At any given time, about 1 million Australians live and work overseas, meaning the majority of those who were abroad before the pandemic have chosen to stay away.

Among them is Chris Micallef, a senior manager at a global big four accounting firm, based in New York City.

Chris moved overseas in 2015, so for him the US is now home.

“I did think about coming back, but given my career is based in New York and trying to do New York hours in Australia would be pretty difficult, I thought it was best to stick around,” he said.

“And New York is the financial centre of the world, so I can’t think of a better place to work to get better experiences and try my luck.”

Chris said most Australians he knew chose to stay overseas, with the ones returning being those in less secure work or who hadn’t been abroad very long.

His experience reflects another finding from the Advance survey: those who are choosing to stay overseas have already been gone for at least four years.

It’s a similar story for Andrew Szczepanski, a business manager at a global engineering company based in San Diego.

He too considered coming back, having been overseas for the past six years, but quickly dismissed the thought.

And he said despite the significant toll coronavirus had taken on the US, the experience of living through it wasn’t as bad as outsiders may believe.

“It doesn’t feel that crazy,” he said.

“It’s not like you see people drop dead in the streets.

“The thing is, when it first hit, it was worse in Australia than over here. I saw people posting online that toilet paper was gone off the shelf and that kind of stuff, but we still had toilet paper here.

“So why would I rush back to Australia where I can’t buy toilet paper?”

Government to headhunt professionals

The Advance survey findings so far show a notable mix of fortunes for those who have returned in the past six months.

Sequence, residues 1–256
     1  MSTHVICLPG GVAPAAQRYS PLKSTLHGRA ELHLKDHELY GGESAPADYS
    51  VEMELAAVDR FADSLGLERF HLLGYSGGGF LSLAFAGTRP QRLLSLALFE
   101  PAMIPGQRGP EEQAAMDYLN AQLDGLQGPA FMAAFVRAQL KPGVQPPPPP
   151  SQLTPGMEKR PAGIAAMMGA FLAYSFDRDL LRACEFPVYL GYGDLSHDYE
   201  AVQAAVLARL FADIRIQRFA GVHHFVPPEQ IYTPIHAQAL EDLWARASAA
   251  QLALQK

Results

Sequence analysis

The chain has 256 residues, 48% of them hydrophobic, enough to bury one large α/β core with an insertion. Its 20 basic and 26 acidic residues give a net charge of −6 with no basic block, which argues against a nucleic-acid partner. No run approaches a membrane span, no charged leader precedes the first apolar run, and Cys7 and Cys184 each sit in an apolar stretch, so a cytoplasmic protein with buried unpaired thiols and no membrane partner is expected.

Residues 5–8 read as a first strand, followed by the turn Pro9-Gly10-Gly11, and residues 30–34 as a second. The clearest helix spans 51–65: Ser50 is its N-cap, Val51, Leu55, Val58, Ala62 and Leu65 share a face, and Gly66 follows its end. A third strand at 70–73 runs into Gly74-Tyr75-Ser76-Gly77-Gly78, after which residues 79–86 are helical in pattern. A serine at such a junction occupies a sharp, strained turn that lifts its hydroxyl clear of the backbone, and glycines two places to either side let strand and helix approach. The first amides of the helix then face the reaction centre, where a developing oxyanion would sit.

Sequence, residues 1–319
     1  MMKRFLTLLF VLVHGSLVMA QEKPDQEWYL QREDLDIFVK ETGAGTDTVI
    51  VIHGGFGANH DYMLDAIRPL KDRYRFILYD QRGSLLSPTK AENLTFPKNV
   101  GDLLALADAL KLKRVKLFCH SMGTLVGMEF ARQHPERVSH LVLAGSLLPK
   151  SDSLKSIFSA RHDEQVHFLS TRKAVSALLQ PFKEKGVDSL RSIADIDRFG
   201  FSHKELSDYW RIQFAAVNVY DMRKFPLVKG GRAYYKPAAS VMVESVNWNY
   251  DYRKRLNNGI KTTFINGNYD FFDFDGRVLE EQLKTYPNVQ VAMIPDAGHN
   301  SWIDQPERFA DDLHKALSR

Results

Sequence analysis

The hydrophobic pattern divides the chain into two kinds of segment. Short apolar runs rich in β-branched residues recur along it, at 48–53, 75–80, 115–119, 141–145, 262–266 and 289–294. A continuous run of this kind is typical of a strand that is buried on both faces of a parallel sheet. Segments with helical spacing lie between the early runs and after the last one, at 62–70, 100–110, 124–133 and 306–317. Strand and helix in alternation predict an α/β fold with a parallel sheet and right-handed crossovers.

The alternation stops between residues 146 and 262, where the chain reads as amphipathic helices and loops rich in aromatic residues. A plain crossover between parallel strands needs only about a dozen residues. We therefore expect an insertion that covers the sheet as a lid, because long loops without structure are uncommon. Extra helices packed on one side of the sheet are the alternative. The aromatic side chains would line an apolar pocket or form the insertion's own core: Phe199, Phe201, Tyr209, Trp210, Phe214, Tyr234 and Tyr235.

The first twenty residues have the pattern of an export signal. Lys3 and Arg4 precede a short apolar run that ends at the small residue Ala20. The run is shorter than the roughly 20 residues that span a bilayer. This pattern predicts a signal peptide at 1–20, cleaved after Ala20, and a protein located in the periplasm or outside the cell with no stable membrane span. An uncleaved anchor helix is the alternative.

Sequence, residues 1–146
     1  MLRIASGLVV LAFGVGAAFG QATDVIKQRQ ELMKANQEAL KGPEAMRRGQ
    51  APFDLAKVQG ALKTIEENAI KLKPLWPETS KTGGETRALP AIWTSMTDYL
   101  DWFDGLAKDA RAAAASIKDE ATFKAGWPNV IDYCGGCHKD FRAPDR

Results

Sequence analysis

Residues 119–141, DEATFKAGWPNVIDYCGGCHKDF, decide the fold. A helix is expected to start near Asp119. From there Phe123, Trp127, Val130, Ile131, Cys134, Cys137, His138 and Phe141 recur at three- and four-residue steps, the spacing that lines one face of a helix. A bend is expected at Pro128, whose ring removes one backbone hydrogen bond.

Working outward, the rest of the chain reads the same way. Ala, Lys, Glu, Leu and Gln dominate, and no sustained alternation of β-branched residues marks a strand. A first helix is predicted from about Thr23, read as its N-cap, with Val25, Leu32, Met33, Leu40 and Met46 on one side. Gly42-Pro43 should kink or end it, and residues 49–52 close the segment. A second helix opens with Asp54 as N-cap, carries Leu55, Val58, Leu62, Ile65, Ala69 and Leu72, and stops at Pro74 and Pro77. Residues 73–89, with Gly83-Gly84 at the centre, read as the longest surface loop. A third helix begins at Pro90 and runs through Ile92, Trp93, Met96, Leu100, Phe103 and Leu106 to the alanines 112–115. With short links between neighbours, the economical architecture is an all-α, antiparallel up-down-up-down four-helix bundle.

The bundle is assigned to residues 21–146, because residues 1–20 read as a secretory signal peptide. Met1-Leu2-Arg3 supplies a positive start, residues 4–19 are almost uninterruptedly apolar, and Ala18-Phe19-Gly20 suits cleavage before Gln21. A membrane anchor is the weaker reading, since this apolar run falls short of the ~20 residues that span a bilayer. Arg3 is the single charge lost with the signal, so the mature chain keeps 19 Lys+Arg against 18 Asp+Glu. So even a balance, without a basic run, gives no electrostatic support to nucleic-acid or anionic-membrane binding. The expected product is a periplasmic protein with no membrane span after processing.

Of the respondents so far:

  • 27 per cent have found new work
  • 15 per cent are building their own business
  • 12 per cent are working remotely for the same company they were with abroad
  • 10 per cent transferred to their Australian head offices

Ms MacNamara said unfortunately many were still looking for work, and their experience reflected an uncomfortable truth: returned expats overwhelmingly struggle in their careers upon return.

Separate research by Advance, done shortly before the pandemic, found 85 per cent of returned expats reported having trouble finding work, while 83 per cent of local recruiters said they were cautious about recommending expats.

“Their biggest challenge remains establishing a local professional network and breaking into the Australian business community,” Ms MacNamara said.

She added it wasn’t for lack of effort, and that Australian companies would do well to tap the talent pool.

“They are really keen to share ideas and opportunities on the global stage,” she said.

“Those companies that are high growth, scale-ups, that are looking for a bridge to international markets, working with people with global experience, suddenly have access to them.”

Tapping this international market is something the Federal Government appears keenly aware of.

This month, it announced it was trying to leverage the upheaval caused by the pandemic to lure the best of global business to Australia.


It has created a new taskforce it says will operate like a “strike team” to “turbocharge” the economy and headhunt individuals and companies that would be a good fit.

The initial focus will be on three sectors: advanced manufacturing, financial services, and health.

The Government says the idea isn’t to parachute in workers from abroad to fill existing roles, but to have them come and create new branches or operations, and therefore jobs for Australians.

“We will highlight to global businesses that our overall economic management and handling of the COVID-19 pandemic strengthens our reputation as a stable and attractive investment destination,” Trade Minister Simon Birmingham said.

“With one in 10 jobs already supported by foreign direct investment, boosting investment and getting more global businesses to set up shop here will help drive more jobs and opportunities for Australians.”

Exactly how returned Australian expats fit into that model remains to be seen.

As does whether long-gone Australians will be tempted back by the country’s COVID-safe reputation as the pandemic drags on.